Genes in MS Patients Spring Valley NY

Two genes in mice have been linked to improvements in the body's ability to repair itself when afflicted with multiple sclerosis, potentially leading to more effective treatments, a U.S. scientist reports. "Most MS genetic studies have looked at disease susceptibility -- or why some people get MS and others do not," study author Allan Bieber, a Mayo Clinic neuroscientist, said in a Mayo news release.

Local Companies

Sau Yee
(201) 569-9010
140 Grand Ave
Englewood, NJ
Abhijit Somnath Lohe
(718) 579-5024
Lincoln Hosp, Dept Ped, 234 E 149th St
Bronx, NY
Cary Siegel
(718) 920-5873
3444 Kossuth Avenue
Bronx, NY
Robert Bernard
(914) 241-1911
91 Smith Ave
Mount Kisco, NY
Lee Michael Marlow OD
(914) 595-1001
20 Stew Leonard Drive
Yonkers, NY
Richard Campo
(201) 337-9302
43 Yampo Avenue Suite #1
Oakland, NJ
David S Rosenstein
(201) 326-2394
346 Kinderkamack Rd
Westwood, NJ
Mary Gratch
(718) 823-1010
470 East Fordham Road
Bronx, NY
Francesco Leanza
(718) 920-6378
1825 Eastchester Rd
Bronx, NY
Daniel Spensieri
(914) 962-5556
1974 Maple Hill St
Yorktown Heights, NY
Data Provided by:
  

Provided By:

FRIDAY, Sept. 11 (HealthDay News) -- Two genes in mice have been linked to improvements in the body's ability to repair itself when afflicted with multiple sclerosis, potentially leading to more effective treatments, a U.S. scientist reports.

"Most MS genetic studies have looked at disease susceptibility -- or why some people get MS and others do not," study author Allan Bieber, a Mayo Clinic neuroscientist, said in a Mayo news release. "This study asked, among those who have MS, why do some do well with the disease while others do poorly, and what might be the genetic determinants of this difference in outcome."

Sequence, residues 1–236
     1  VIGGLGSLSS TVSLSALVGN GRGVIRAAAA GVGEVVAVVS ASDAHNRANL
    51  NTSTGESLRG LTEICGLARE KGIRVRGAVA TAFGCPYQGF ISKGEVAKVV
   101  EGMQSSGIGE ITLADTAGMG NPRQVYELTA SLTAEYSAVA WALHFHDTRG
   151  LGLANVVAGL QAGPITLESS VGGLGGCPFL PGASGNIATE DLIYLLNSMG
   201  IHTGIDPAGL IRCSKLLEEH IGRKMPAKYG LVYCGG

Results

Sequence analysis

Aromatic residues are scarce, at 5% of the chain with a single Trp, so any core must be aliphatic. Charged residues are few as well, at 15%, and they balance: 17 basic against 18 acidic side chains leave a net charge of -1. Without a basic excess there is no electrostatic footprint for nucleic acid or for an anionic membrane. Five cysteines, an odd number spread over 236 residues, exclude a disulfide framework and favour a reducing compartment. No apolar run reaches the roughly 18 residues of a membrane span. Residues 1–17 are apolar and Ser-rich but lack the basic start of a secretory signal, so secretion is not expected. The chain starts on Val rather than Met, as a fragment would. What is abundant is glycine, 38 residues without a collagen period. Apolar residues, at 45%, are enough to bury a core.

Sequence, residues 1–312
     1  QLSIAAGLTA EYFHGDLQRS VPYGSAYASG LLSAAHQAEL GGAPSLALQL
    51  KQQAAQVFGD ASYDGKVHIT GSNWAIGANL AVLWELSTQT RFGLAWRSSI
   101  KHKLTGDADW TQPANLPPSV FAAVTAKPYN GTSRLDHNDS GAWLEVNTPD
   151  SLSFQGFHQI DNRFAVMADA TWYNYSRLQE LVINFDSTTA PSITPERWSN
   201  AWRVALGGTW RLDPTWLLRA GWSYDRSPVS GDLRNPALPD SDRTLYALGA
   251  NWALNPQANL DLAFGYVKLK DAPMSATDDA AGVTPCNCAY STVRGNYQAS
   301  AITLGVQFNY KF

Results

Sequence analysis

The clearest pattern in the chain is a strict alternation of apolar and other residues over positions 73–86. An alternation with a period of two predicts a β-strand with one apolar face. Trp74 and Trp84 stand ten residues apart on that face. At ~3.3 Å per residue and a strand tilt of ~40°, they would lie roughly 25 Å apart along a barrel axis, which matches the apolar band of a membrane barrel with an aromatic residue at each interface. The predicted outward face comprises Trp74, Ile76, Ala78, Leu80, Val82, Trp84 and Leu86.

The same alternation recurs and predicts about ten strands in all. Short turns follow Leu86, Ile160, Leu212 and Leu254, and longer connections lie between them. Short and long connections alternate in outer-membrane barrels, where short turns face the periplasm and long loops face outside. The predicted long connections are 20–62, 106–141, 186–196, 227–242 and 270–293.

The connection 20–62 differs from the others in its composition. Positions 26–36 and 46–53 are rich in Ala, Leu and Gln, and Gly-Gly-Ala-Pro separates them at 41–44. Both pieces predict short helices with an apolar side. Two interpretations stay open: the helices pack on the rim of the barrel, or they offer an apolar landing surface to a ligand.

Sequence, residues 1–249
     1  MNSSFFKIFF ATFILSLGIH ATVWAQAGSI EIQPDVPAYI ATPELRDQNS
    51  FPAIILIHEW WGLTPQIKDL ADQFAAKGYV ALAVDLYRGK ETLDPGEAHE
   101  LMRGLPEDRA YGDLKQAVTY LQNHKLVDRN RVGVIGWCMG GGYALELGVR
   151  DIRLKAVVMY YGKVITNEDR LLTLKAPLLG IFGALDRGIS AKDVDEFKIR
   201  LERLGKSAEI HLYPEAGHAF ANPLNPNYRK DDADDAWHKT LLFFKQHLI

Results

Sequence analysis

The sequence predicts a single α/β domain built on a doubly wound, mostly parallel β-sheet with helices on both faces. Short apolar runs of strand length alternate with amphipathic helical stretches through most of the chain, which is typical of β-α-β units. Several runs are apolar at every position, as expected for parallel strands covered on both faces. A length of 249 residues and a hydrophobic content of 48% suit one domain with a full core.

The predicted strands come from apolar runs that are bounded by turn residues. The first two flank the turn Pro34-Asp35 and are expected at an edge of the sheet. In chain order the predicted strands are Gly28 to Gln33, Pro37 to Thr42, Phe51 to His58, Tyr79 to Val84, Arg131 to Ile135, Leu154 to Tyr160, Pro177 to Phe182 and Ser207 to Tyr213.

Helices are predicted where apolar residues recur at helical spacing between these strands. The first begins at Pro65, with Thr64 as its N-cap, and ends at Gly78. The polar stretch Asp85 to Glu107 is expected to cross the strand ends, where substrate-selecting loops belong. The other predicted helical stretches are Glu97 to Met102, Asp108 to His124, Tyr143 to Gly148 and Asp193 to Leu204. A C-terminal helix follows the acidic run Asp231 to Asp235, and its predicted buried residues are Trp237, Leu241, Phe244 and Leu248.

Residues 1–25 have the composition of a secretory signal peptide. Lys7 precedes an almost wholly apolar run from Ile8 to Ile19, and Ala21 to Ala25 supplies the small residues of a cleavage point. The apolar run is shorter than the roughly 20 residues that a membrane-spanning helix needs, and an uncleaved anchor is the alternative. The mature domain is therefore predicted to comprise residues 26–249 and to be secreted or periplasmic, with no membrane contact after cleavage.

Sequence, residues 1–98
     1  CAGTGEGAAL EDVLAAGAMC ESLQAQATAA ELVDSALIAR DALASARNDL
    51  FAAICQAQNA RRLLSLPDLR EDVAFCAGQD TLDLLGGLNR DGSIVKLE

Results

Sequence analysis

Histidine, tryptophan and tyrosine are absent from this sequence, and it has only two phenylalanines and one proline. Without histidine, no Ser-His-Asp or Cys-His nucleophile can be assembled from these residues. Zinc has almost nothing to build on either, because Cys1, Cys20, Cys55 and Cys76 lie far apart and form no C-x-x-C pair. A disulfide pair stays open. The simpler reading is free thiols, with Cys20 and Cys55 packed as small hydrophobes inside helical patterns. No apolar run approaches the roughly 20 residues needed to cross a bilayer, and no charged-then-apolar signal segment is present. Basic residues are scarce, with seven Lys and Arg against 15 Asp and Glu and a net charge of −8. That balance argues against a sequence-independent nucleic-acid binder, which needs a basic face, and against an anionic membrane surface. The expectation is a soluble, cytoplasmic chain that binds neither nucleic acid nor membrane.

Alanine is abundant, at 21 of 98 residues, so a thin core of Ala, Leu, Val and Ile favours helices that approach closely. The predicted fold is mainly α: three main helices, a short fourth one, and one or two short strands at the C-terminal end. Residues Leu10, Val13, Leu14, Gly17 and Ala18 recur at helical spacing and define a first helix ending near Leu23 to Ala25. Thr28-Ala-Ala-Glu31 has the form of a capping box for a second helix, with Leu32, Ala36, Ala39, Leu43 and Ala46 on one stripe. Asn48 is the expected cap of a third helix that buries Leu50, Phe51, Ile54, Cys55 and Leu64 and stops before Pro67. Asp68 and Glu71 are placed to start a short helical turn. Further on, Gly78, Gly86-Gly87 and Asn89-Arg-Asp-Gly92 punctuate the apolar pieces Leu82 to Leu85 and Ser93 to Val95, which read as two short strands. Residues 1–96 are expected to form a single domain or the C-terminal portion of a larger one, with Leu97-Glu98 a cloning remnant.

The study, which was scheduled to be presented Friday at the Congress of the European Committee for Treatment and Research in Multiple Sclerosis in Dusseldorf, Germany, identified two genes that appear to lead to repair of damage caused by multiple sclerosis in mice.

Multiple sclerosis affects about 330,000 people in the United States. The disease targets the central nervous system and damages the insulation that covers nerves. People with the disease suffer from a variety of symptoms, including loss of strength, vision, balance and muscle coordination.

"It's possible that the identification of these genes may provide the first important clue as to why some patients with MS do well, while others do not," Bieber said in the news release.

More information

Learn more about the disease from the National Multiple Sclerosis Society.

SOURCE: Mayo clinic, news release, Sept. 11, 2009

Copyright © 2009 ScoutNews, LLC. All rights reserved.

Read Article at HealthDay.com

Related Articles
- Gene Therapy for Parkinson's Spring Valley NY
Macaque monkeys that received gene therapy for symptoms of Parkinson's disease saw a significant improvement in their motor function without the side effects associated with current standard therapy, researchers say. Simultaneous insertion of three genes allowed certain cells in the brain to take over production of the neurotransmitter dopamine. Too-low levels of dopamine cause the hallmark motor-control symptoms of Parkinson's.
- Gene Variants and Alzheimer's Risk Spring Valley NY
- Side Effect Of Chemotherapy Drugs Spring Valley NY
- Genetic Clues for Skin Cancer Therapies Spring Valley NY
- Exercise for Chemotherapy Patients Spring Valley NY
- Depression in Heart Disease Patients Spring Valley NY
- Differences Between Hospice and Palliative Care Spring Valley NY
- High Blood Pressure Genes Spring Valley NY
- Hospice: Getting Back Control of Your Life Spring Valley NY
- Doctor-Patient Talk for Hypertension Spring Valley NY